Risk & Insurance® recently ran an article, Paving the Potholes of Big Property Claims (updated), about large losses indicating that the claims process is anything other than perfect. Harvey Goodman, a public adjuster I mentioned in this morning’s post, was quoted in that article. I first met Harvey Goodman at the Annual Convention of the National Association of Public Insurance Adjusters (NAPIA) at Carmel, California in 1985. I gave a speech about Proofs of Loss and Examinations Under Oath. Harvey is one of those people in the audience who raises his hand, often. He asks the tough questions with unique facts that are often situations he faces. Harvey is a past president of NAPIA and one of the finest public adjusters.
The article noted a growing trend of delay and nonpayment many months following a loss:
A large property insurance claim can turn into a soap opera, with dozens of high-end, big personalities trying to steer the plot line. It’s not a secret to claims experts, or any risk manager who’s faced one, that settling a large loss has only gotten more dramatic, and difficult, in the last couple decades….
…34 percent of physical damage claims are settled before the property is repaired or replaced and 37 percent up to six months after.
Only 17 percent of time/element claims, on the other hand, were settled before the end of the period of liability, while 68 percent took one to 12 months after the period for settlement.
The general trend, however, is that larger, complex losses are taking more time to settle…
As Harvey Goodman often does, he disagreed in part with the article’s conclusion that more complex claims require various claims experts or consultants that slow the claim process. He made an important point that the survey never considered public adjusters, which is kind of interesting since they are the only legally licensed individuals who can adjust the loss for policyholders. Goodman commented:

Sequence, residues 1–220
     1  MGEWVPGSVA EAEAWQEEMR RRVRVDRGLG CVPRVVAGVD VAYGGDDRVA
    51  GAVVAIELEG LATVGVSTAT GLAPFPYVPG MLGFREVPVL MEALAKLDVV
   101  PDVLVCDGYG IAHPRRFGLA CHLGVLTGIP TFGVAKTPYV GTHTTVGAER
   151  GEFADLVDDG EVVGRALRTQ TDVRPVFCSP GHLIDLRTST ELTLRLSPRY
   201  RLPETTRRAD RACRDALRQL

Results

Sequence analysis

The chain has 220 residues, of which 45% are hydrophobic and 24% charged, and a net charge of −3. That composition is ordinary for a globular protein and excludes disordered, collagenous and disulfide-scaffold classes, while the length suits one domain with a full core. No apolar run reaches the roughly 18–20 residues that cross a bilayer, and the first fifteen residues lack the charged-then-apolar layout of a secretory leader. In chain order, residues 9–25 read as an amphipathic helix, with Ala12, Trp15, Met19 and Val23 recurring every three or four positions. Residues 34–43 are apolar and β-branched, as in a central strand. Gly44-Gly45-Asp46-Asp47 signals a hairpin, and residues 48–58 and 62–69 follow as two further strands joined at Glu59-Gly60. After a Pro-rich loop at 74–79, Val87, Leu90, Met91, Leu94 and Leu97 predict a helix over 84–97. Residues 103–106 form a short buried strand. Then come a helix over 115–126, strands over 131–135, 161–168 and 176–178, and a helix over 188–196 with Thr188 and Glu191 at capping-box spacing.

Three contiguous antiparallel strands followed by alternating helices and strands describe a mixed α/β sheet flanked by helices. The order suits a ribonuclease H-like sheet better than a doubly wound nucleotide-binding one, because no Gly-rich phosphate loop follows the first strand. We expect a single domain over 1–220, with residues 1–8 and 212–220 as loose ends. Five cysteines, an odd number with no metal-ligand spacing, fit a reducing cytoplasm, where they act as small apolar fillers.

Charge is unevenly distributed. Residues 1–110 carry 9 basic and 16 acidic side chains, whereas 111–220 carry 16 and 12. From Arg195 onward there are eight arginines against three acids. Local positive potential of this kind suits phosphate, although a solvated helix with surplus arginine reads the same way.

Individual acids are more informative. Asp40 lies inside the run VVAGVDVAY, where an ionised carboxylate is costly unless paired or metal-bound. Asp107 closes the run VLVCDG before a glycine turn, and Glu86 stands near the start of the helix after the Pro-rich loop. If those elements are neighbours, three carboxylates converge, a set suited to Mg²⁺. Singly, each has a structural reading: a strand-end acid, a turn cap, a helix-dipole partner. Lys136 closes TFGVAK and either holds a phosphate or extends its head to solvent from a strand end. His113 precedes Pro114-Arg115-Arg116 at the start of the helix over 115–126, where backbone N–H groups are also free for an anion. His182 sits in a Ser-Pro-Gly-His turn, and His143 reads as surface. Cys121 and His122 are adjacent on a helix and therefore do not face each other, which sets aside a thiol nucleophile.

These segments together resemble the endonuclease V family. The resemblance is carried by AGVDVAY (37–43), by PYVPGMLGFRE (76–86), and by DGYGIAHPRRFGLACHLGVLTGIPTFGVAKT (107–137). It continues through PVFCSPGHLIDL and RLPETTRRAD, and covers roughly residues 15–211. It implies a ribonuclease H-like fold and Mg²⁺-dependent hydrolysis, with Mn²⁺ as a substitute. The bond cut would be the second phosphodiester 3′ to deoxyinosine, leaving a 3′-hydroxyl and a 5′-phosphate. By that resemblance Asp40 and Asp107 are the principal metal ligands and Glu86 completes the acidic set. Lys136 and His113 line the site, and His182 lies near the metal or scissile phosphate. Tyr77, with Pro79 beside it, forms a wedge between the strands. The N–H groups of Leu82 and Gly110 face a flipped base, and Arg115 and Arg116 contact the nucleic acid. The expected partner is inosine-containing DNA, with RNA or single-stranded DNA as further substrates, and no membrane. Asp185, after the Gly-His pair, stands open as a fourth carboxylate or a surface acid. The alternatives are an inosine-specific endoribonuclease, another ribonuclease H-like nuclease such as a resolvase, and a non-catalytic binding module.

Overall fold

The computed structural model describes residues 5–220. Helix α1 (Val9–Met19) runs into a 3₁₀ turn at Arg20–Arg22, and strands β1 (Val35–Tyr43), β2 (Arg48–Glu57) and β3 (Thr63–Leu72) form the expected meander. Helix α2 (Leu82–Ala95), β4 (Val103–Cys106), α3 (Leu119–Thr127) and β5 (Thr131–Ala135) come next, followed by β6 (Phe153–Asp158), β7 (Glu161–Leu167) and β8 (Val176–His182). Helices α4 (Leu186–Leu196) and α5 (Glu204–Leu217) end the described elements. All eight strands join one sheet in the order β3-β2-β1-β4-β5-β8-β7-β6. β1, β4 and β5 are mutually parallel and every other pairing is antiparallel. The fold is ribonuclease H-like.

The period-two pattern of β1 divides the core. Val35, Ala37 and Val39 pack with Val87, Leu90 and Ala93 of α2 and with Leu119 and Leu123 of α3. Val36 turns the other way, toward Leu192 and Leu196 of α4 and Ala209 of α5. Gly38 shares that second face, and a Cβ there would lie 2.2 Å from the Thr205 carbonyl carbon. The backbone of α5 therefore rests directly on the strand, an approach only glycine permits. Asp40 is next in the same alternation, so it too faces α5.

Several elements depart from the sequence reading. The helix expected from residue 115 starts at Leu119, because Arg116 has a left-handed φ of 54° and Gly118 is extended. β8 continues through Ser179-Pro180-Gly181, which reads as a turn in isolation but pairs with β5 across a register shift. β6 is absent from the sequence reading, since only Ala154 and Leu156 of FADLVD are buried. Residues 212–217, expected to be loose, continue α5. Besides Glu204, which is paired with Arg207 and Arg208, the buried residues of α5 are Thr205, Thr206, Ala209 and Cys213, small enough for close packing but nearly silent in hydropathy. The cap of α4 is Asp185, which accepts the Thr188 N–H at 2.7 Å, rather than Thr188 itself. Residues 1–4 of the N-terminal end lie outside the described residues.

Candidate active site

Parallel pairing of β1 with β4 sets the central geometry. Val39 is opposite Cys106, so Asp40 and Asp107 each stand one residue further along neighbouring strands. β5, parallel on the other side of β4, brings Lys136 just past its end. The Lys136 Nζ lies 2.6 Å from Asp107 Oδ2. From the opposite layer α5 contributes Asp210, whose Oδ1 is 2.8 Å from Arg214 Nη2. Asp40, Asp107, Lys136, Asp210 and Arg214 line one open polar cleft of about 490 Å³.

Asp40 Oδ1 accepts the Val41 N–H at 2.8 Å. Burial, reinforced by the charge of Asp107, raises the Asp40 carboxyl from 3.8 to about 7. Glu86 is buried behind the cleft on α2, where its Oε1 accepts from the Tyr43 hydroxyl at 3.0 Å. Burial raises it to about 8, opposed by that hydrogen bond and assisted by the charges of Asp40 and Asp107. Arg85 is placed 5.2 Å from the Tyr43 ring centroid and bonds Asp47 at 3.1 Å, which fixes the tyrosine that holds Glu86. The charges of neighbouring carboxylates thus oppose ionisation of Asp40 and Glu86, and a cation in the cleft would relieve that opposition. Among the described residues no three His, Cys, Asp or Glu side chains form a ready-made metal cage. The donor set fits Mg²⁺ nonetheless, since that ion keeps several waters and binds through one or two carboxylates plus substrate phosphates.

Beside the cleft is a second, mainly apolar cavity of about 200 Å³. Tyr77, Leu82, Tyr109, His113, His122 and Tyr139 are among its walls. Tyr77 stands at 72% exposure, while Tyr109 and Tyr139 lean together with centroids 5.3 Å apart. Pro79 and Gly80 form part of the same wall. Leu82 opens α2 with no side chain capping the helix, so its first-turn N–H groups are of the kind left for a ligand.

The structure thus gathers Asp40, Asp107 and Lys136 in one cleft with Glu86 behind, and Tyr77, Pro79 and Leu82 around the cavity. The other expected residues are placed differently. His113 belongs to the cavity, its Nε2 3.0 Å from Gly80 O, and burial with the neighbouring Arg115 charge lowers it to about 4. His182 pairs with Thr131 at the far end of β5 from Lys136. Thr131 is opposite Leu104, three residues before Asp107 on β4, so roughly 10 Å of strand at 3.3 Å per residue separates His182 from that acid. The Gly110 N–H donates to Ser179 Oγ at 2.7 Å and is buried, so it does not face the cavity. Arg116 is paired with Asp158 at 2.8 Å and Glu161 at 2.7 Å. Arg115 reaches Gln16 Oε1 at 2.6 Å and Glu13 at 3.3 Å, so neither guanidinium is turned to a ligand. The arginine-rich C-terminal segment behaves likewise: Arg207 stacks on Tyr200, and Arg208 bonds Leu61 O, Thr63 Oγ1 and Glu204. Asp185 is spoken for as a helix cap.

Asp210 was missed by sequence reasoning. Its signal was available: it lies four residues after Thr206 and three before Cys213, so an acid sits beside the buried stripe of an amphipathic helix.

"Take the question about what types of outside professionals were hired by the insured. Goodman took umbrage with the fact that he and his colleagues–public adjusters–weren’t even an option…
Insureds bring in Goodman and his colleagues to make sure their interests are being represented as the claims resolution plot unfolds. And we’re not just talking about large Fortune 1000 clients. He’s dealt with $50 million companies with multimillion dollar losses and no in-house risk management.
"They are so thinly staffed they often have no resources to dedicate to the insurance claims process," he said.
Goodman disagreed with the survey’s finding that insureds’ expectations about the extent of their insurance coverage diminish significantly during the course of claims settlement. His experience is that expectations increase the longer a settlement takes.
The veteran adjuster also didn’t agree with the key takeaway, that property insurance can never fully cover a loss. Sure, there might be disagreement over numbers. But there is coverage out there to cover other economic hits, like loss of value and potential damage to business relationships: for instance, extended business income coverage.
Most importantly, Goodman stressed, it’s up to insureds to properly measure their loss. If you don’t ask for the right amount, you’re not going to get it."
It has been my impression that many get around state licensing requirements by calling themselves "consultants." These "consultants" are out of control in the insurance claims business. Insurance regulators and State Legal Bars need to start prosecuting so called unlicensed "loss consultants" and "claims consultants" for adjusting without a license and practicing law. Legal rules regarding licenses need to followed and those responsible for enforcing the rules need to do their jobs because the rules were made to protect the public from exactly what is going on in the claims industry.
Policyholders should hire licensed, experienced, and dedicated professionals. They should be careful about any individuals or organizations claiming to be "loss consultants." These “loss consultants” are violating the regulatory, and often criminal, laws of most states and have no regulator looking over their ethics and work to determine whether they are acting in accordance with the law.